Saturday, December 15, 2007

A Diary of Dundee, Part VIII

I’m not certain that I truly awoke Saturday until Pete pulled in to the petrol station parking lot with Chad and me in tow. Two other cars pulled in beside us, carrying Eric, Mindy, Ted, and Todd. Like Pete, Simon and Andy had given their morning to cart us to the airport.

Petrol stations in Scotland, as well as grocery stores and sandwich shops, bear the marks of a society which has aborted God and the family. Magazine racks wear nudity and false sexuality like Southerners wear ball caps. I sometimes envy men who say that they don’t have a difficult time keeping their eyes from straying to pictures that degrade and tantalize. Either that, or I think they’re liars. It’s not easy for me in a week when I am focused on the work of Christ, so I can’t imagine how it is for someone living with it day in and day out. But pornography is only a symptom. Liz touted some other symptoms for us at dinner earlier that week. The one I remember is that Dundee has the highest pregnancy rate in all of Europe. I also remember a couple of newspapers with articles about how the most violent crimes in the city are statistically committed by more children than adults. Rape, sodomy, murder, violent assaults – these are the acts of children.

I am forced to say what is unpopular. People, without Jesus, drift naturally towards apathy, delusion, fear, and pride. Scotland used to be a country from which missionaries were sent. Now, the opposite is necessary. I heard no end, standing on the street corners on Monday night, of the relativity of truth. You can’t make a people see reason, but the few Christians in Dundee have spent a great deal of time praying for the Lord to open the hearts of the city to the liberating slavery of serving God instead of being dominated by vices and fears.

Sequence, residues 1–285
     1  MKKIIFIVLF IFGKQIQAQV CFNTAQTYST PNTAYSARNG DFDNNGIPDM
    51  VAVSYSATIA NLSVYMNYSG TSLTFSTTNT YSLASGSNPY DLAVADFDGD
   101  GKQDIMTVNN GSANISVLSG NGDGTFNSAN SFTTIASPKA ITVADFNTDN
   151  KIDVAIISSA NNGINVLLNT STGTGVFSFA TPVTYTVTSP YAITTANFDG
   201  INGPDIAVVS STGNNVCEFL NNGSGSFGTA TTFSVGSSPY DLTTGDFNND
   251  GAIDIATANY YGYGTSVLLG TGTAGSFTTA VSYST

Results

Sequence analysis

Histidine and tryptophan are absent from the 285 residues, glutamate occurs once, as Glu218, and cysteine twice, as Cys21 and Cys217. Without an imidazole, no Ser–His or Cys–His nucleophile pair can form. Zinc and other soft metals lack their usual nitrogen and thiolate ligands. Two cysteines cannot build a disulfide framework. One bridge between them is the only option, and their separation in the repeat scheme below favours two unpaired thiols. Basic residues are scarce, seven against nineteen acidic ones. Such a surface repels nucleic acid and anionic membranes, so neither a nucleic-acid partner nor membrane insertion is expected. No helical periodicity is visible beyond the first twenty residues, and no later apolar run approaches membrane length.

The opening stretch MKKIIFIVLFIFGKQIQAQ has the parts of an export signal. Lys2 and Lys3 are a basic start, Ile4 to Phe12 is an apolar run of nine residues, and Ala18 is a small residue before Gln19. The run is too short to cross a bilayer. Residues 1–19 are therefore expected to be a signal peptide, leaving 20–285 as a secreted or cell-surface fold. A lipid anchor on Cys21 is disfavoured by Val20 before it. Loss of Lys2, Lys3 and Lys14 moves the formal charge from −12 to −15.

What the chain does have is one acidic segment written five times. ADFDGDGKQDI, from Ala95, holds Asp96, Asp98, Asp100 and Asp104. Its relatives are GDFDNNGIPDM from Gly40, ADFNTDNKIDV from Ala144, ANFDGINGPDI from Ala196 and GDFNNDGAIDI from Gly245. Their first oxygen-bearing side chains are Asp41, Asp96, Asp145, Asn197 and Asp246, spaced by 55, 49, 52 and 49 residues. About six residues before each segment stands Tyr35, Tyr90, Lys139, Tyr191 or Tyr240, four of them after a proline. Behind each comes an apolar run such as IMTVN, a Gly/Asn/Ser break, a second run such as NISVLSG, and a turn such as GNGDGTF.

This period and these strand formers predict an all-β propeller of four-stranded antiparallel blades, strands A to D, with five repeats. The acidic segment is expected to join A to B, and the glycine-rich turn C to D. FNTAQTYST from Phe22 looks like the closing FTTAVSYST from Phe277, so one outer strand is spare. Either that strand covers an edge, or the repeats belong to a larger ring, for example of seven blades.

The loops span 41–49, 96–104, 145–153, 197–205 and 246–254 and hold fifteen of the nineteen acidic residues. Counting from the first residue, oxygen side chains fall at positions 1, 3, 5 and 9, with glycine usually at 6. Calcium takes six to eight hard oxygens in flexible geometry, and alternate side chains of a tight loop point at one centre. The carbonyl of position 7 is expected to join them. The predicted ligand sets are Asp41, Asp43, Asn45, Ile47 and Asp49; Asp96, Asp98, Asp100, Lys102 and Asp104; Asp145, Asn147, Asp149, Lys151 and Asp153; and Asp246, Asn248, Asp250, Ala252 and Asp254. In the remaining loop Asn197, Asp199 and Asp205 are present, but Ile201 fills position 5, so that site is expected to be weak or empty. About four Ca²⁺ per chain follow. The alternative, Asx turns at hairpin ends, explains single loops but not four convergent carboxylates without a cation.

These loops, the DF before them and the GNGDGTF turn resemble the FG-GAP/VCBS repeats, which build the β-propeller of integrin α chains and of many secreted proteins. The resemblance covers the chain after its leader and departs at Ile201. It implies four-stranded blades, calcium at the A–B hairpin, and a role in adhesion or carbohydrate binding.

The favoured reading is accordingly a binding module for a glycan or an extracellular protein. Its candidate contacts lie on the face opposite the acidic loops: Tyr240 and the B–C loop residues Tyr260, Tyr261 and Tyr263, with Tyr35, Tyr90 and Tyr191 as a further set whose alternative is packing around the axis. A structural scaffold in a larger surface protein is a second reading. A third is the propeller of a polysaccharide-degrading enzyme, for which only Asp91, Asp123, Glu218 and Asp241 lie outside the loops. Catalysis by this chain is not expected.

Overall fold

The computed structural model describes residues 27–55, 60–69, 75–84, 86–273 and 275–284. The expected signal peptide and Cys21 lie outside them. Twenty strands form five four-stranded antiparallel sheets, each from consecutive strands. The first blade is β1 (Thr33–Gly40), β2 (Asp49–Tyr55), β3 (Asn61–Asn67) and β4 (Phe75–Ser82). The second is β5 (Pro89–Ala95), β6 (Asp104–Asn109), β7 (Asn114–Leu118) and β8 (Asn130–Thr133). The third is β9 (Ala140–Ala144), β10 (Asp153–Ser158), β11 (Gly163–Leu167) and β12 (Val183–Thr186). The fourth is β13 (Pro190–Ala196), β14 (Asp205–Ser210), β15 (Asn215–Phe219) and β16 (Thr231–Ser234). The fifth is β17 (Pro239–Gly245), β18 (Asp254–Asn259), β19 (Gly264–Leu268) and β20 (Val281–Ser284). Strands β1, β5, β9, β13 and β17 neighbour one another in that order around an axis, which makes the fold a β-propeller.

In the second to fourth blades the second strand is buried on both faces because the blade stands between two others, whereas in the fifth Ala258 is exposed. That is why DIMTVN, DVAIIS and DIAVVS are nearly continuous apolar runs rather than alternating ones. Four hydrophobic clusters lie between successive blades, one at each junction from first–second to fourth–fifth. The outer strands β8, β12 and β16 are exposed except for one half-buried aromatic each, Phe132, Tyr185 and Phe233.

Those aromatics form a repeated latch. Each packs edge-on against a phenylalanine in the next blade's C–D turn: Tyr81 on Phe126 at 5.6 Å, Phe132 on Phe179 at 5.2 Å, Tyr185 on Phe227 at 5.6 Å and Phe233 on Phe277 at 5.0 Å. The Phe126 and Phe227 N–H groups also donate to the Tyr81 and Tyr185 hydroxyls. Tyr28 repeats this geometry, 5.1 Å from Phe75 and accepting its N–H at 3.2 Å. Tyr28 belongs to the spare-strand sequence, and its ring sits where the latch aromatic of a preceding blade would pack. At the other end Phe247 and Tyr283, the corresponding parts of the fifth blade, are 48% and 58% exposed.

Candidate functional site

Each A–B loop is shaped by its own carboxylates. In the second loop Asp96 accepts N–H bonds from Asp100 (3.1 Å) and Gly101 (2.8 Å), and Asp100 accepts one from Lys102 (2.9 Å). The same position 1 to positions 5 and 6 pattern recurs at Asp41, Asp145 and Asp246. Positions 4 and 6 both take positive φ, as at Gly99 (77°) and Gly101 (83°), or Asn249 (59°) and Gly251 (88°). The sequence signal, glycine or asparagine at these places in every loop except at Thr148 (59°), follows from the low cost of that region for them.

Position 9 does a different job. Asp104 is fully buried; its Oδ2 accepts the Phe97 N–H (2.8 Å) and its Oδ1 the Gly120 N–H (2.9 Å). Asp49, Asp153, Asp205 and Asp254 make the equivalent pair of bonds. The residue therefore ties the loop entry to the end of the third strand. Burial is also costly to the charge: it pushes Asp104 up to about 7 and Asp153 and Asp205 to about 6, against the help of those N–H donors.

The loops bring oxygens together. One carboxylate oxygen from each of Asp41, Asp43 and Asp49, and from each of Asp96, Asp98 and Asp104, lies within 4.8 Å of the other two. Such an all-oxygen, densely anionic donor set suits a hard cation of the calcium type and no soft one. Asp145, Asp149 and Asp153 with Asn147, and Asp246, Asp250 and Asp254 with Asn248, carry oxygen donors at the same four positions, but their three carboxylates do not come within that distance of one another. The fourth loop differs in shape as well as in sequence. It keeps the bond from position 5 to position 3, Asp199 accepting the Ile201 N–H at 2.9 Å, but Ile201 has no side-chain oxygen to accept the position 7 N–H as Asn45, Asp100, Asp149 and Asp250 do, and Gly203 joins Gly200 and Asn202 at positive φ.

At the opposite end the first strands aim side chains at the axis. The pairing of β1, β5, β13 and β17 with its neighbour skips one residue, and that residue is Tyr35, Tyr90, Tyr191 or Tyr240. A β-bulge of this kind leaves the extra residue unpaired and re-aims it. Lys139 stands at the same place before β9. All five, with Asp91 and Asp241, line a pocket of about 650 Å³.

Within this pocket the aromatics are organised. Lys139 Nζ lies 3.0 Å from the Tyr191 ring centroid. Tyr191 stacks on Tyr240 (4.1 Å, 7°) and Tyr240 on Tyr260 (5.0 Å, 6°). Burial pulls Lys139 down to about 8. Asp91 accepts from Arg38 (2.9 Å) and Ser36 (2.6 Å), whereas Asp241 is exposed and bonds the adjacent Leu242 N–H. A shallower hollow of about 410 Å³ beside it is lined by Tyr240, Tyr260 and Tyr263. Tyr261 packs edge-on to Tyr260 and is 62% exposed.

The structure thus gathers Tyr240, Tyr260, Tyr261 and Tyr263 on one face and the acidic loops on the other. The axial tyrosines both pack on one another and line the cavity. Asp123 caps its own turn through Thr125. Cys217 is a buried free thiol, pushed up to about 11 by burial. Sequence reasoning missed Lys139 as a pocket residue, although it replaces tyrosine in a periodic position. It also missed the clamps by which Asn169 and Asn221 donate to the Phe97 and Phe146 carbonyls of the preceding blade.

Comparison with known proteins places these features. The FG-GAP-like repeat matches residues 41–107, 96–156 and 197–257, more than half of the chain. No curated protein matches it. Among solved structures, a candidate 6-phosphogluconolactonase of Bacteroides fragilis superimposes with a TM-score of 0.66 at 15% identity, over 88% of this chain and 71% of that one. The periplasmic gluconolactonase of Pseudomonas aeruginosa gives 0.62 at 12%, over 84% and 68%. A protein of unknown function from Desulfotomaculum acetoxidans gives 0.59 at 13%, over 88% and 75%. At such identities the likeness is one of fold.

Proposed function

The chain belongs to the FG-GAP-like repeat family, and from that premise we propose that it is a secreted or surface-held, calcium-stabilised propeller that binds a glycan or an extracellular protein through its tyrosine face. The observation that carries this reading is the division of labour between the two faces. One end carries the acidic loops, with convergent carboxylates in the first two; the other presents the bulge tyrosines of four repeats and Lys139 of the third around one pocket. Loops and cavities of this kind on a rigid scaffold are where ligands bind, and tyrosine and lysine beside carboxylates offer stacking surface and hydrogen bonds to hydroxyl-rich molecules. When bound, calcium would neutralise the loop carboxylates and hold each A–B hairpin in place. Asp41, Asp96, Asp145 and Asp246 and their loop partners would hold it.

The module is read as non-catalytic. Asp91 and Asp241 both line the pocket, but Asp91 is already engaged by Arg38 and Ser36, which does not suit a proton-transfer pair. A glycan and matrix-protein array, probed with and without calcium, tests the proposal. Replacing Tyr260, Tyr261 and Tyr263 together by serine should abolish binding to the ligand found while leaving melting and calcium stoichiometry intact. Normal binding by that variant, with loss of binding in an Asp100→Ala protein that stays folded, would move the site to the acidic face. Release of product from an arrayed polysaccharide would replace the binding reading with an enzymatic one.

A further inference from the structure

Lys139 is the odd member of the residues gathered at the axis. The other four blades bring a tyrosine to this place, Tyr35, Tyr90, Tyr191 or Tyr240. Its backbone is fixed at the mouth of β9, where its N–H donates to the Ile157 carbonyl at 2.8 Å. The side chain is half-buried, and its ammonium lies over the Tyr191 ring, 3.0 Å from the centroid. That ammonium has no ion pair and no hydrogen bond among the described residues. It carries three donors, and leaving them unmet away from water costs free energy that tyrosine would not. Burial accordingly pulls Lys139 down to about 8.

There is an old copy of Anna Karenin on my bookshelf. On the spine, it bears the words, ‘Shelf of Fiction’, and below that, in a shield, ‘Veritas’, meaning ‘Truth’. It is interesting that so much truth should be found in fiction, in stories. Our own stories were the vehicles by which we entered into the confidences of the disconnected post-modern minds of Dundee, Scotland. I may never see all the ripples made from dropping us six pebbles into the waters. But, as it is not grace of my own that brings me redemption, I am glad for trust in the one whose feet tread the waves.

I daresay I’m biased.

And so, we walk out from under the misty, gunmetal ceiling and back into the sunlight. It sometimes feels that transatlantic flights and big events become the bookends of my life. I am blessed when I lightly grasp the thought that the muddled middles and the in-betweens are the defining times. Let there be more. Many, many more. And I hope Jesus never stops ripping my world open.


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